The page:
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Indhold leveret af Verden til forskel and DIIS - Dansk Institut for Internationale Studier. Alt podcastindhold inklusive episoder, grafik og podcastbeskrivelser uploades og leveres direkte af Verden til forskel and DIIS - Dansk Institut for Internationale Studier eller deres podcastplatformspartner. Hvis du mener, at nogen bruger dit ophavsretligt beskyttede værk uden din tilladelse, kan du følge processen beskrevet her https://da.player.fm/legal.
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“I’m building the house for my children”

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Manage episode 384769212 series 1020383
Indhold leveret af Verden til forskel and DIIS - Dansk Institut for Internationale Studier. Alt podcastindhold inklusive episoder, grafik og podcastbeskrivelser uploades og leveres direkte af Verden til forskel and DIIS - Dansk Institut for Internationale Studier eller deres podcastplatformspartner. Hvis du mener, at nogen bruger dit ophavsretligt beskyttede værk uden din tilladelse, kan du følge processen beskrevet her https://da.player.fm/legal.
After the Second World War Sine Plambech’s grandfather was unemployed mason. He saw an ad in the newspaper that a big American company was looking for labor in their cobber mine in Northern Rhodesia. So he and his family decided to try their luck in Africa. He brought his wife and two 2- and 13-year-old sons with him to Africa and lived and worked there for nine years. His hard work in the cobber mine made it possible for the family to save up enough money to buy a small, terraced house near Copenhagen. In 2013 Vivian Lyenemwgumena kissed her two 2- and 3-year-old boys goodbye and started her trip from Nigeria towards Europe. She crossed the Sahara Desert in a truck, she worked in a brothel in Libya for two years and then nine months pregnant she crossed the Mediterranean in an overfilled boat. The trip from Nigeria to Europe took almost three years and could easily have costed her her life. Vivian is one of the many Nigerian women that feel forced to leave their children to be able to secure them a better future. In this podcast we talk about how Vivian’s and Sine’s stories though very different are rooted in the same global inequalities and colonial legacies. Experts: Senior researcher Sine Plambech & Vivian Lyenemwgumena Host, editing and manuscript: Marie Barse
  continue reading

70 episoder

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Manage episode 384769212 series 1020383
Indhold leveret af Verden til forskel and DIIS - Dansk Institut for Internationale Studier. Alt podcastindhold inklusive episoder, grafik og podcastbeskrivelser uploades og leveres direkte af Verden til forskel and DIIS - Dansk Institut for Internationale Studier eller deres podcastplatformspartner. Hvis du mener, at nogen bruger dit ophavsretligt beskyttede værk uden din tilladelse, kan du følge processen beskrevet her https://da.player.fm/legal.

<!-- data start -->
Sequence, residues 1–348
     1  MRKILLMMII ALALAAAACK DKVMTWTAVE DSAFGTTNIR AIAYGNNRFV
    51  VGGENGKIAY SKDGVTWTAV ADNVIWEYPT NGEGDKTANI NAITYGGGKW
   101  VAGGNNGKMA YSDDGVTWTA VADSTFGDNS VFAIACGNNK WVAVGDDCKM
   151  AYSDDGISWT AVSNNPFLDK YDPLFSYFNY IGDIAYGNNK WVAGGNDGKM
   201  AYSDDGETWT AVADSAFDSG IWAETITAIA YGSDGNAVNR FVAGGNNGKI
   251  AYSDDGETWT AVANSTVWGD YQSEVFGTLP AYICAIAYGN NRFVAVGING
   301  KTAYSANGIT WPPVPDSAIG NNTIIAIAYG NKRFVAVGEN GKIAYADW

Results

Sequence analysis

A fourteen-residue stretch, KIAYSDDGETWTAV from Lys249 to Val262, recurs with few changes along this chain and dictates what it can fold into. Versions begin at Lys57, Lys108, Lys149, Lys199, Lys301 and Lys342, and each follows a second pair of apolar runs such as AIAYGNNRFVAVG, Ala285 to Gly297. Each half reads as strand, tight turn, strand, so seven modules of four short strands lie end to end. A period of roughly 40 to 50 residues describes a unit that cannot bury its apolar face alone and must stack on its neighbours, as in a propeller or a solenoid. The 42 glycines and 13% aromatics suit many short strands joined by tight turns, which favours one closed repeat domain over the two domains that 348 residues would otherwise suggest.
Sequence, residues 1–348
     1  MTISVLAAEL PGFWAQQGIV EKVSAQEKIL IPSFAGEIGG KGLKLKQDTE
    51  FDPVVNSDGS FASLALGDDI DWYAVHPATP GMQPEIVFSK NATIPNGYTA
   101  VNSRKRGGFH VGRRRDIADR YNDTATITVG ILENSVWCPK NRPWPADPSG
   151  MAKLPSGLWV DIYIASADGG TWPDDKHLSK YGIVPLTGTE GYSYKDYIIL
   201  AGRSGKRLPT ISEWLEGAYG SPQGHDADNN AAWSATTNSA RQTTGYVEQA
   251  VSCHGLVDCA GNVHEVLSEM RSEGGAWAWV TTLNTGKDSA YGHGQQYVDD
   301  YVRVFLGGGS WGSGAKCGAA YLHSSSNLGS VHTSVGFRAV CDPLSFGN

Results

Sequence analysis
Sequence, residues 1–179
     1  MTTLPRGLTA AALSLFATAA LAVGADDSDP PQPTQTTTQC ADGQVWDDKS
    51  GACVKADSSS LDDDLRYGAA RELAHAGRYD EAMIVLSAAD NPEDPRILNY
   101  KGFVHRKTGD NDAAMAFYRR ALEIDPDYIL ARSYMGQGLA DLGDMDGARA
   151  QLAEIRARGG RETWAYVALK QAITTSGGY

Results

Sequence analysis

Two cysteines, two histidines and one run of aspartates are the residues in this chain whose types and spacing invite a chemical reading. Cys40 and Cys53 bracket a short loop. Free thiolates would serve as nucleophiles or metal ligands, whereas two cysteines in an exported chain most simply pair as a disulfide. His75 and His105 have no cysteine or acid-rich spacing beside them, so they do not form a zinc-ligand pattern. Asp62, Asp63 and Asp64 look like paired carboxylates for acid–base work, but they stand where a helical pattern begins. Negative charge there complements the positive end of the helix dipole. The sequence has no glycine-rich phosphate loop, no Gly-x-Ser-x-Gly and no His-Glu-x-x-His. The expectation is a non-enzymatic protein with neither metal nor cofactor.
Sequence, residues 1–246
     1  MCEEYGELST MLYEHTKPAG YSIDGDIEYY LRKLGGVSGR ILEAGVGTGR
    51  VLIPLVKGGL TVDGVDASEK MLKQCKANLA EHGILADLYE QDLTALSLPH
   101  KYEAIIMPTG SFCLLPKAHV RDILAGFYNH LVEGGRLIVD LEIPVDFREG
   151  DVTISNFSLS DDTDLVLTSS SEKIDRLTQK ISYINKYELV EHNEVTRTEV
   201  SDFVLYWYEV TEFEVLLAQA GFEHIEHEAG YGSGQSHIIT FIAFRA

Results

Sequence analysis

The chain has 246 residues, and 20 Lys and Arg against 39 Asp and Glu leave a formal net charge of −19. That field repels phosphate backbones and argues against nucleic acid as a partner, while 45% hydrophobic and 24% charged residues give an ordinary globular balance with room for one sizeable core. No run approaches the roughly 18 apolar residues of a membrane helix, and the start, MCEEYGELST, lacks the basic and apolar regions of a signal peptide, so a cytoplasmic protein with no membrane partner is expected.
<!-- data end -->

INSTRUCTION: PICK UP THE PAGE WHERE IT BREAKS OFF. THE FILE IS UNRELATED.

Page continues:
After the Second World War Sine Plambech’s grandfather was unemployed mason. He saw an ad in the newspaper that a big American company was looking for labor in their cobber mine in Northern Rhodesia. So he and his family decided to try their luck in Africa. He brought his wife and two 2- and 13-year-old sons with him to Africa and lived and worked there for nine years. His hard work in the cobber mine made it possible for the family to save up enough money to buy a small, terraced house near Copenhagen. In 2013 Vivian Lyenemwgumena kissed her two 2- and 3-year-old boys goodbye and started her trip from Nigeria towards Europe. She crossed the Sahara Desert in a truck, she worked in a brothel in Libya for two years and then nine months pregnant she crossed the Mediterranean in an overfilled boat. The trip from Nigeria to Europe took almost three years and could easily have costed her her life. Vivian is one of the many Nigerian women that feel forced to leave their children to be able to secure them a better future. In this podcast we talk about how Vivian’s and Sine’s stories though very different are rooted in the same global inequalities and colonial legacies. Experts: Senior researcher Sine Plambech & Vivian Lyenemwgumena Host, editing and manuscript: Marie Barse
  continue reading

70 episoder

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